dental care


First molars

(Anders, answer by the Dentist)

First molars eruption in children can sometimes give symptoms in form of redness, swollen gingiva and in rare cases fever. The eruption of the permanent dentition begins with the lower central incisors, that is the front teeth in the mandible, at around 6 years of age, and ends with the eruption of upper second molars at around 12 years of age. The time of eruption can vary a lot between individuals and also within individuals. Disturbances in eruption are common in the permanent dentition. First molars are big and important teeth, and they often erupt simultaneously or a little after the eruption of the lower central incisors. They may cause symptoms. Anders has a question concerning first molars:

I have a six year old getting her molars. One has come in, and the second one is having trouble breaking thru the tissue. Behind the tooth it is swollen, but my child does not have fever or extreme redness. What should i do?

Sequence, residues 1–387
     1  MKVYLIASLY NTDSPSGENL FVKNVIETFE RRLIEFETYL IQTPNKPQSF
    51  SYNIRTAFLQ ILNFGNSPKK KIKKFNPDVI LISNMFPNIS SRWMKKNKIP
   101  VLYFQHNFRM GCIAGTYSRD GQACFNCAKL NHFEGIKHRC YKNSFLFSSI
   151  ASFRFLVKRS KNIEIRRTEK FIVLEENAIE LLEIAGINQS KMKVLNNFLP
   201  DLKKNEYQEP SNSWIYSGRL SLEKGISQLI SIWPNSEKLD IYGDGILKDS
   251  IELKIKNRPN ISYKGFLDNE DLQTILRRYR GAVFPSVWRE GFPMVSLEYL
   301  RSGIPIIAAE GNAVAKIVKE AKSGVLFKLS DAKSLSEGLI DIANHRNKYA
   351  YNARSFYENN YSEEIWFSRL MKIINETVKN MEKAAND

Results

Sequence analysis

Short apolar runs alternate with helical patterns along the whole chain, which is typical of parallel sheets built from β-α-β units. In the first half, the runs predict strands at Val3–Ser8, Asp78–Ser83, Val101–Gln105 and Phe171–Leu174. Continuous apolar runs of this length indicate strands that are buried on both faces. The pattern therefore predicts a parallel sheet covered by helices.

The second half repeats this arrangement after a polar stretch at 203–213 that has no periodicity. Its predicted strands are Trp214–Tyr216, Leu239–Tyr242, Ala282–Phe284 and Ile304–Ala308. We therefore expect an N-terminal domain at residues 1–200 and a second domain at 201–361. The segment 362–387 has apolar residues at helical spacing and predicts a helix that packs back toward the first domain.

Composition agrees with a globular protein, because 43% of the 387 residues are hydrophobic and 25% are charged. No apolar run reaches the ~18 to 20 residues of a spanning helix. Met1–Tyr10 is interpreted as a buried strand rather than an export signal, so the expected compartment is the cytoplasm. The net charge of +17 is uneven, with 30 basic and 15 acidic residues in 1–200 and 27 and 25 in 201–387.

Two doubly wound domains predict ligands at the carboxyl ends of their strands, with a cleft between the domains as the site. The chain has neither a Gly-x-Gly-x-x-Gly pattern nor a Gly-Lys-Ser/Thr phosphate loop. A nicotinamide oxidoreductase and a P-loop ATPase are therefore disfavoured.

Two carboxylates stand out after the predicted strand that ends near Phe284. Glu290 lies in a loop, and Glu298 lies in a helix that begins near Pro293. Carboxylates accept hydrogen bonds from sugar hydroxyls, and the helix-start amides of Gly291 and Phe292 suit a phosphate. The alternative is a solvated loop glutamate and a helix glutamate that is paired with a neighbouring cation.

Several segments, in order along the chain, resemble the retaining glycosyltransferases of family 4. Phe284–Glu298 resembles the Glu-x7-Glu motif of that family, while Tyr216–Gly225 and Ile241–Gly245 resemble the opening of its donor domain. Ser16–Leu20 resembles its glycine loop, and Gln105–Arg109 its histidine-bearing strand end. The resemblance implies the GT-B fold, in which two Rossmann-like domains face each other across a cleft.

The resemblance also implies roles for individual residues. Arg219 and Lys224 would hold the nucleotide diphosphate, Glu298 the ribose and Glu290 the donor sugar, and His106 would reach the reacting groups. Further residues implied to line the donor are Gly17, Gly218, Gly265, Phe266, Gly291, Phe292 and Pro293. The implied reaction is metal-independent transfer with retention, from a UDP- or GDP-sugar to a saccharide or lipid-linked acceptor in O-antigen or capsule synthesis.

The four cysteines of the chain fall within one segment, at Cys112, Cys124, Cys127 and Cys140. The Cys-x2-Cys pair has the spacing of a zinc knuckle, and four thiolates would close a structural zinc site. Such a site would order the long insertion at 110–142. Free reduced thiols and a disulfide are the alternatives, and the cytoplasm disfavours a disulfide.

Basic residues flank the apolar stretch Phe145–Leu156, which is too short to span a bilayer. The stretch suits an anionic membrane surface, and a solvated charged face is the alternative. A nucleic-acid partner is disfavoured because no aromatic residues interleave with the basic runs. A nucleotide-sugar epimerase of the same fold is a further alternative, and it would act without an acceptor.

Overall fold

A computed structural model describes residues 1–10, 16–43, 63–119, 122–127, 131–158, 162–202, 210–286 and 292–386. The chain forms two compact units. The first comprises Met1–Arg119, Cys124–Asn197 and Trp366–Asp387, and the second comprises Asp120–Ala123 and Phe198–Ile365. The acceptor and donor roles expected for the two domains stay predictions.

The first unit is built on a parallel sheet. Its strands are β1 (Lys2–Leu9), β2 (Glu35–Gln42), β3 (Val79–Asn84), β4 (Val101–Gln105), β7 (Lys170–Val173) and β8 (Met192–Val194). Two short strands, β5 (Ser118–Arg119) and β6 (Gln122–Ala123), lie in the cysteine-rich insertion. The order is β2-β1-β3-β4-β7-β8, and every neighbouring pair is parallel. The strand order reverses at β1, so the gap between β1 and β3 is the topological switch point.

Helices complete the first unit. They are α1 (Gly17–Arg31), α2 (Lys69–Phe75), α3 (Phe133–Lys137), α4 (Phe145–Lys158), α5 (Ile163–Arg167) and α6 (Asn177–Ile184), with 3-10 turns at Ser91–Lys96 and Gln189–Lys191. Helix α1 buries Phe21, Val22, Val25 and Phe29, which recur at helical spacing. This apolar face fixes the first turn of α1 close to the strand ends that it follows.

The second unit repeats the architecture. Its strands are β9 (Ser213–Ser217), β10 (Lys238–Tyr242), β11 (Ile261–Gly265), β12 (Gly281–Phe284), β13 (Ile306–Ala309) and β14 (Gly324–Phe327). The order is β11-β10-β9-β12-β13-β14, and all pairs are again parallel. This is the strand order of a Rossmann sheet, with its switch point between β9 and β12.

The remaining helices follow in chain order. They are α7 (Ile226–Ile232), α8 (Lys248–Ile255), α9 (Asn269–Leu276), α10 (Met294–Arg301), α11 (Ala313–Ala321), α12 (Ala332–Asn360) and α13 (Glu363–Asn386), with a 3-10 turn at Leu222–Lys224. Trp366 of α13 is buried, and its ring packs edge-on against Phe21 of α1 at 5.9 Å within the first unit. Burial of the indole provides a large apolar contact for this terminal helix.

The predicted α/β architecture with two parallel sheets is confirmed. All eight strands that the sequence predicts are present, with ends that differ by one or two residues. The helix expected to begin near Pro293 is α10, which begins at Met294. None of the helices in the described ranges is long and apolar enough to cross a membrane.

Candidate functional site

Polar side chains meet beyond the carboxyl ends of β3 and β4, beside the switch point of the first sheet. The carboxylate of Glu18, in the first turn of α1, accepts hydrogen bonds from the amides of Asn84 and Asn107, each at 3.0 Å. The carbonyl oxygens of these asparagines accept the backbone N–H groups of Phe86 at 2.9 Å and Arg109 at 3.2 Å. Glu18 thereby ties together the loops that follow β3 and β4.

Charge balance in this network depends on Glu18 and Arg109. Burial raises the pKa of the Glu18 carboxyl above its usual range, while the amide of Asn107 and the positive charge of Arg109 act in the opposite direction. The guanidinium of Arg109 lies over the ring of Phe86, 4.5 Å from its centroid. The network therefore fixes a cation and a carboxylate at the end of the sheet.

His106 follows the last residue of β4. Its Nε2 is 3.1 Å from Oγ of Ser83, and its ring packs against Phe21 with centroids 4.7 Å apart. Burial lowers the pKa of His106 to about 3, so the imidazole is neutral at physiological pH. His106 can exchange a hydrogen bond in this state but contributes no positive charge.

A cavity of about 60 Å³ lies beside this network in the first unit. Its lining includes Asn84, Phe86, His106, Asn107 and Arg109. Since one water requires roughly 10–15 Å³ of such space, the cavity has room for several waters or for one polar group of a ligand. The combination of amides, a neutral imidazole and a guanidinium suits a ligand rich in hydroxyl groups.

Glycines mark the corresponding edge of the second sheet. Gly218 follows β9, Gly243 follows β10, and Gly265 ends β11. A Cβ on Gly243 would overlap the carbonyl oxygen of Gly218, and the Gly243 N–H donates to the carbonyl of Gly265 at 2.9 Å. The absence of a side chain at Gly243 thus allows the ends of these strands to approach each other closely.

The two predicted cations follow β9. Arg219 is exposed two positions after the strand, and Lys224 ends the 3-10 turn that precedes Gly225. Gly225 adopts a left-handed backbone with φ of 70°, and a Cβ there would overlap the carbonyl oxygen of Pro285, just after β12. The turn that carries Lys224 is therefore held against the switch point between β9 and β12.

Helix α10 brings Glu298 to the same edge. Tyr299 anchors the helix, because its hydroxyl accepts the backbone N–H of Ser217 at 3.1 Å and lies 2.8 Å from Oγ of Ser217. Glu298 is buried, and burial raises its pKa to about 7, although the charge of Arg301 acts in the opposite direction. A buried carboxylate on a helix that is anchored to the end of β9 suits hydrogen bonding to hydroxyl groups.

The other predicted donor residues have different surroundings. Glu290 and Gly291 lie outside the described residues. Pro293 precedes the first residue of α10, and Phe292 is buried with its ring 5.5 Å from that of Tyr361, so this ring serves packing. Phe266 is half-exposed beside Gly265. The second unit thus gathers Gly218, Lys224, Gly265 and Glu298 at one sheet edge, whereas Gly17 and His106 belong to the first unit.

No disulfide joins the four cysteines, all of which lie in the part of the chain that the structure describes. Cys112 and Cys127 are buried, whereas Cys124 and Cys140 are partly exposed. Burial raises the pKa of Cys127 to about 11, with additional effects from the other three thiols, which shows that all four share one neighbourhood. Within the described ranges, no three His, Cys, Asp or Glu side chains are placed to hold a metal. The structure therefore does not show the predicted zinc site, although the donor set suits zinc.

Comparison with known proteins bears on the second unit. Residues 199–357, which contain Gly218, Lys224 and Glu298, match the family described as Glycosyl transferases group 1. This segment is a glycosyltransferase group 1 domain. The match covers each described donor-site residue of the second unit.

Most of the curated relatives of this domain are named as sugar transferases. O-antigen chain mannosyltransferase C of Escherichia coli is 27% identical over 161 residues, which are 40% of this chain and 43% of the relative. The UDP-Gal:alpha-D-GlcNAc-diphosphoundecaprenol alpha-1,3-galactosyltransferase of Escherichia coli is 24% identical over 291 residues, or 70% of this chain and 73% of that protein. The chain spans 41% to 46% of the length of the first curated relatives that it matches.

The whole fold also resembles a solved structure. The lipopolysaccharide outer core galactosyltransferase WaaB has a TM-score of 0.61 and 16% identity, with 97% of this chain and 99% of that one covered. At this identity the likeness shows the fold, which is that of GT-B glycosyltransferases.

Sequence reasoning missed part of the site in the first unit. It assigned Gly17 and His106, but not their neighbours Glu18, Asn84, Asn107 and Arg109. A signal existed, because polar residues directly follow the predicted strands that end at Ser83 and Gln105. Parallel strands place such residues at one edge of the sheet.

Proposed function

First molars can give the symptoms that Anders describes. Swollen gingiva, redness, a slight fever. The child may also experience trismus; that is, having trouble opening the mouth widely. The condition is called pericoronitis and is due to bacteria collecting under the gingival pocket, or space, over the erupting tooth. This will give an inflammation that causes the edema, redness and in some cases fever. The best thing to do is to clean the area with a q-tip dipped in physiological NaCl-solution (0.9%) or with a mouthrinse containing chlorhexidin. This way the bacteria will not be able to survive and the inflammation will most often go away. This cleansing may hurt a little as you have to make sure the area under the gingiva is thoroughly rinsed. It might bleed a little as well - this is not dangerous. If the child gets fever, fatigue and severe redness or edema, you should contact your dentist for an appointment.

Good luck with your child's first molars!

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